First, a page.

This should go over well with donors: Mitt Romney ‘had no desire’ to be President
Revisionist history coming from the Romney camp was to be expected, but how would you feel if you were, say, Sheldon Adelson, after pouring millions to elect this man — or if you were an average Joe donating hard-earned money that you felt was well-spent — after hearing this load of offensive crap? A Boston Globe campaign post-mortem article portrays a Mittens without any fire in the belly to run for President.
More than being reticent, Romney was at first far from sold on a second presidential run. Haunted by his 2008 loss, he initially told his family he would not do it. While candidates often try to portray themselves as reluctant, Tagg insisted his father’s stance was genuine.
“He wanted to be president less than anyone I’ve met in my life. He had no desire to . . . run,” said Tagg, who worked with his mother, Ann, to persuade his father to seek the presidency. “If he could have found someone else to take his place . . . he would have been ecstatic to step aside. He is a very private person who loves his family deeply and wants to be with them, but he has deep faith in God and he loves his country, but he doesn’t love the attention.”
And this is the man the GOP establishment put in the driver’s seat as the alternative to Barack Obama. Well, it’s not surprise Ann Romney was pushing her husband. She was practically measuring drapes for the White House until the bottom fell out of her fantasy.
What does that attitude by Mitt Romney mean to people who worked day and night to elect him if he was only half in the game? What a sorry state of affairs for the GOP. I can’t wait for the 2016 Clown Car.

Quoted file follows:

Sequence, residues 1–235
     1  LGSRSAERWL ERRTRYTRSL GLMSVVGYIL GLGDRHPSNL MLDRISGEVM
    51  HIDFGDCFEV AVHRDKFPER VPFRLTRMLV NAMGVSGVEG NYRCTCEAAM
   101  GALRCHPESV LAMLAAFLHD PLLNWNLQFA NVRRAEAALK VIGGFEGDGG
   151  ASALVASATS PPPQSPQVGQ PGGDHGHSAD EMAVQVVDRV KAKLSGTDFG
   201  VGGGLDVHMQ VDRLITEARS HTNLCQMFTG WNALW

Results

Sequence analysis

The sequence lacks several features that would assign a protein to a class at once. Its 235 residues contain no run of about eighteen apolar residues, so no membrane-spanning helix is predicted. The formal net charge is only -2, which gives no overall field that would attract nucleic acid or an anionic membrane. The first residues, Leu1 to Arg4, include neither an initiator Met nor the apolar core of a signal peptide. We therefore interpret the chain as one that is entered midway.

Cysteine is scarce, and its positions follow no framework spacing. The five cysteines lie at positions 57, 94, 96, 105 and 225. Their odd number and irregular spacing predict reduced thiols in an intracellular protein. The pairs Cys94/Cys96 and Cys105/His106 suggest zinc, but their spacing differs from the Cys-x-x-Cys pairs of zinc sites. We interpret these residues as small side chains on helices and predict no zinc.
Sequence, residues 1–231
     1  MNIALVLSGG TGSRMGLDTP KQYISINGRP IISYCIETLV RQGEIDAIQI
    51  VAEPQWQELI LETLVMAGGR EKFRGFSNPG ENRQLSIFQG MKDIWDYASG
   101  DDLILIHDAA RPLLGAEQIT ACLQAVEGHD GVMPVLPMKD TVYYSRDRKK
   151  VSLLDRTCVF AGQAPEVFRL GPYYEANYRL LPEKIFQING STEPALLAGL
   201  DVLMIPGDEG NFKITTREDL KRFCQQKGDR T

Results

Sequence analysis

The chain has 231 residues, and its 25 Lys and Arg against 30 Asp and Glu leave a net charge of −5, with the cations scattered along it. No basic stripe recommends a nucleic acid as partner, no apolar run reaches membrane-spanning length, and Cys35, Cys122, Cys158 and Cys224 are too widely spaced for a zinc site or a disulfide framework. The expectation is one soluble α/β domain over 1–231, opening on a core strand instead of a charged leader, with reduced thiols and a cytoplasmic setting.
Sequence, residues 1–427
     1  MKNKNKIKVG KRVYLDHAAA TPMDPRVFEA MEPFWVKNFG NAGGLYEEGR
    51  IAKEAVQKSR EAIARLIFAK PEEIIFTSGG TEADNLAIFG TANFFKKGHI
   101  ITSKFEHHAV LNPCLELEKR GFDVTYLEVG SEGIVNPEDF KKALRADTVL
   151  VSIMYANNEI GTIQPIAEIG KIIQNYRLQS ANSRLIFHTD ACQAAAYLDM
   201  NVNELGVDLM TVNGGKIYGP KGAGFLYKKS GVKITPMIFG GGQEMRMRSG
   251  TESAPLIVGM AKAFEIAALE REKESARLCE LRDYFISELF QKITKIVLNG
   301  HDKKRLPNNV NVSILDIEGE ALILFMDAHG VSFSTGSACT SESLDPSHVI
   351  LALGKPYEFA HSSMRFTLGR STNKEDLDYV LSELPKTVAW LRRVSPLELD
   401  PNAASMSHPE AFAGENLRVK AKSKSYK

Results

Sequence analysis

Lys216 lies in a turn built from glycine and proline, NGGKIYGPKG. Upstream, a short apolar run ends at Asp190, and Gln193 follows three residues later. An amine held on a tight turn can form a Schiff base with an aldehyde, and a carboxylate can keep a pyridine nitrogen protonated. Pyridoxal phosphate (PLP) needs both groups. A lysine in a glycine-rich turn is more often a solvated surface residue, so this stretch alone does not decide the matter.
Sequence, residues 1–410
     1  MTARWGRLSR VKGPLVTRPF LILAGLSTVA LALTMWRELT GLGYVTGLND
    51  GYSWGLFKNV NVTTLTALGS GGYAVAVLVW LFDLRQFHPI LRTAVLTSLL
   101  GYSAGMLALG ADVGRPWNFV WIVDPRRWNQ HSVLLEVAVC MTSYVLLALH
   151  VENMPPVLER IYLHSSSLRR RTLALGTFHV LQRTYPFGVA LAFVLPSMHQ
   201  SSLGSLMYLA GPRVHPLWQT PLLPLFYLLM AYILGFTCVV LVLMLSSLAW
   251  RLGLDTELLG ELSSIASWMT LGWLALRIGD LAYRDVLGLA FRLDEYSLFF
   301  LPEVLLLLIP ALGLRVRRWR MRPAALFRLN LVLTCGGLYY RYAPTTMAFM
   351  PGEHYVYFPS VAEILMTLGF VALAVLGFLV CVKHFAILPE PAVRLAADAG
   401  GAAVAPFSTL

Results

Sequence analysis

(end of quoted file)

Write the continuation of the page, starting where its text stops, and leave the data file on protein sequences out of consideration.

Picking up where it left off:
Here’s a flashback to show you just how much Adelson poured into a campaign for a man who “had no desire” to run:
Earlier in the year, Adelson indicated at different times that he planned to spend about $100 million or “as much as it takes” to defeat Obama and help Republicans in Congressional races. Adelson’s personal wealth has been pegged at $20.5 billion by Forbes, making him one of the world’s richest men and enabling him to open his checkbook wide without worrying much about his bottom line.
Adelson’s largess appeared to have an impact on Romney’s campaign strategy. After Adelson publicly suggested that Romney sometimes waffled in his stances and wasn’t as ideologically consistent as his original pick, former House Speaker Newt Gingrich, he and Romney met in late May in Las Vegas. Shortly afterwards, the casino owner’s first $10 million donation to Romney’s allied super PAC arrived.
Not long after their meeting, Romney restated his support for one of Adelson’s top priorities — his fervent backing of Israel’s conservative government and his opposition to a two-state solution to the Israeli-Palestinian conflict. Romney’s first foreign trip after his meeting with Adelson included a late July visit to Israel, which included a Jerusalem fundraiser that Adelson famously attended.
Photo by Gage Skidmore under Creative Commons license.